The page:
Oh, Peace.

Partridges, 1

It has been a season.  I teach my students to look for pivotal moments in their reading, and I, also,  recognize pivotal times in life when I see them.  So many things have been up in the air.  We thought it might be time to pull ourselves away from our beloved Tunisia this year,  and the exploration of that possibility took us through many soul-searching doors we hadn’t anticipated passing through.  We are still in a state of wonder at the experience.  Doors were slammed shut so resoundingly that our ears are still ringing.  The universe spoke:  We are meant to be here.Winter Berries  And we have so very, very much to be grateful for.  Many of our loved ones are experiencing  sickness, pain, and loss.  We are not.  Hallelujah.  At the moment, we’re OK!

My heart, this advent, is fully with our adopted country.  It has been our profound privilege to work and live inside Tunisia, these past six years, through their democratic transition.  The awarding of the Nobel Peace Prize  comes at a time when they are wondering what it has all been for.  Recent violence from their own radicalized sons has been demoralizing,  adding layer upon layer of isolation from the world, increased poverty, and deferment of their vision of a peaceful life with opportunities for their young people.  The Nobel committee honored the seemingly simple, yet most complicated way that the Tunisia National Dialogue Quartet worked to bring Tunisia back from the brink of civil war in 2013.  They kept dialogue going between all constituents.  They convinced parties to set aside their individual agendas.  They held up core values as more important than ideologies.  They took turns at leadership as they were needed.   What a model for the world of how to make cooperation a priority in order to accomplish something more positive, for the greater good.  I am so happy and proud of them.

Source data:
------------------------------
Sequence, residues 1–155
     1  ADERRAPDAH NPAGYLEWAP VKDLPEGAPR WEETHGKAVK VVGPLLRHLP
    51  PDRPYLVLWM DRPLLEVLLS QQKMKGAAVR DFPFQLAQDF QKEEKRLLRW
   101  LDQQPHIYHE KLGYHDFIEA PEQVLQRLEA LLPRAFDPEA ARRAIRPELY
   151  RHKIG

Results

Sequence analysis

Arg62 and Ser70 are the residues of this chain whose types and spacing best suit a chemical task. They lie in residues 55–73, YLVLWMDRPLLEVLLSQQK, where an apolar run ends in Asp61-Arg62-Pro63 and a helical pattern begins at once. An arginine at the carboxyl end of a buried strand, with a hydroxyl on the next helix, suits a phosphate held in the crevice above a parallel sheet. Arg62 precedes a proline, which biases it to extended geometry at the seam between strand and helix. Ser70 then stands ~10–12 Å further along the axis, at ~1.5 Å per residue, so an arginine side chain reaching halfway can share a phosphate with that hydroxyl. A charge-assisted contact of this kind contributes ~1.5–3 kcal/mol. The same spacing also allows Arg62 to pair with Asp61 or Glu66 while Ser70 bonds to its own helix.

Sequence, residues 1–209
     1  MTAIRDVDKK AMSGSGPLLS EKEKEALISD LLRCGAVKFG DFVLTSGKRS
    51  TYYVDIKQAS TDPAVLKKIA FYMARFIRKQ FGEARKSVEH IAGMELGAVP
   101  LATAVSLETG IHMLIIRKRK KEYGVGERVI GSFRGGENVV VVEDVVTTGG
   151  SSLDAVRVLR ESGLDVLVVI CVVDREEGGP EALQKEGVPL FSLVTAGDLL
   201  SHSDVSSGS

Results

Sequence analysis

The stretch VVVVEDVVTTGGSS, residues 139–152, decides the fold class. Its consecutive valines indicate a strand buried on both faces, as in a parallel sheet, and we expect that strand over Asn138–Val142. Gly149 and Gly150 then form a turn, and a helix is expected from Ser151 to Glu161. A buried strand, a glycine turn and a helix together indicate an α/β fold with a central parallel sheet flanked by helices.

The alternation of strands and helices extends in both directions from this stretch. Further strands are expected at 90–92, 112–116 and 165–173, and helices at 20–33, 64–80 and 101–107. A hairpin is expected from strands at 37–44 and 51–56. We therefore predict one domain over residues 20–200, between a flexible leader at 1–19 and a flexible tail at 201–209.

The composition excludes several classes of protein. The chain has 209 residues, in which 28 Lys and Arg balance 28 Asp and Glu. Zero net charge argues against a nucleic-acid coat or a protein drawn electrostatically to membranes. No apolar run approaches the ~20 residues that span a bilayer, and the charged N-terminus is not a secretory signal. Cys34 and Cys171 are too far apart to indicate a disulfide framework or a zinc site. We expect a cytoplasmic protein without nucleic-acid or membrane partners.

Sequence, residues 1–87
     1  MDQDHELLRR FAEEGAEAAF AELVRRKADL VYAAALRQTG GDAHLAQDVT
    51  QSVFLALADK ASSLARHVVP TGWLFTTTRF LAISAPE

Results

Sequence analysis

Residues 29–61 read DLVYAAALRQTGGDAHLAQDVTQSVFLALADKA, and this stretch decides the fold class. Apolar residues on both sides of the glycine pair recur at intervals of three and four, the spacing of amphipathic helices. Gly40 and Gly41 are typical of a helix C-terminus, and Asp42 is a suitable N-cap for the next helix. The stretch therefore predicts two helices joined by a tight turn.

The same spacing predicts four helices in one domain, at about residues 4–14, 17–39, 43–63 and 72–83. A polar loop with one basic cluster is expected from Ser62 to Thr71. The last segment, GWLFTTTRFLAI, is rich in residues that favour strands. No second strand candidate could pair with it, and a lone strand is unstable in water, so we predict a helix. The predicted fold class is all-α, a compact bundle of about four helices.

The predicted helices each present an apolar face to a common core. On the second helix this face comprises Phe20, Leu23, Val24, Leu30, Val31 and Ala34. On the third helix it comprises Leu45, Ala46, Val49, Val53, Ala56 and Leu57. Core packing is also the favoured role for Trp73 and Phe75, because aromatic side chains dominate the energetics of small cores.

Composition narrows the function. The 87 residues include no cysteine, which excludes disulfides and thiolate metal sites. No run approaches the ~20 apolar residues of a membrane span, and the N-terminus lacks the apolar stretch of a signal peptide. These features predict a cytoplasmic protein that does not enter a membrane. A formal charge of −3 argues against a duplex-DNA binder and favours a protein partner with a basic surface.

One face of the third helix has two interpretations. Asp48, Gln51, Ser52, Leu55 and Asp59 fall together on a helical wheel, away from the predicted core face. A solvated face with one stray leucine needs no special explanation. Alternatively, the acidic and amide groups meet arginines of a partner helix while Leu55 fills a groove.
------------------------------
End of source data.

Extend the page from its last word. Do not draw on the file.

This performance at the Nobel ceremony stole my breath, and I have watched it at least 20 times.  The passion, delicacy, defiance, and skill of Emel Mathlouthi’s performance represents the complicated spirit of Tunisia.  I  have gained hope from this award, and I pray it might be the external moral support Tunisia needs to carry through.

 “…Peace was really loud, and I was so thrilled to be a part that made it louder!!”

Emel Mathlouthi in a letter sent to the Nobel committee.

“Kelmti Horra” (My Word is Free) English/French translations

Biscuits and Jam

Biscuits, 4As we get near the end of a quarter, it seems that someone in our group will host a Sunday brunch.  It is a nice time to bolster our strength for the finish of the term and to allow a little enthusiasm for some much-deserved vacations  bubble to the surface.  Where is this bunch headed to, in a couple of weeks?  Naples, Istanbul, South Africa…

I brought fresh strawberry jam and biscuits to complement the incredible spread of dishes at my friend’s beach-side home.  Successful biscuits are all about technique and intuition, not so much ingredients, except that they be fresh.  Here, first, is the base recipe followed by some tips that I think are non-negotiable for getting the biscuits you want.  This recipe is perfect for savory or sweet biscuits.


  • 5 cups flour
  • 5 tbsp. sugar (omit if you want them savory)
  • 2 tbsp. baking powder
  • 1 tsp. sea salt
  • 10 tbsp. unsalted butter, frozen, plus 4 tbsp., melted
  • 1 3/4 cups buttermilk
  • 2 tbsp. honey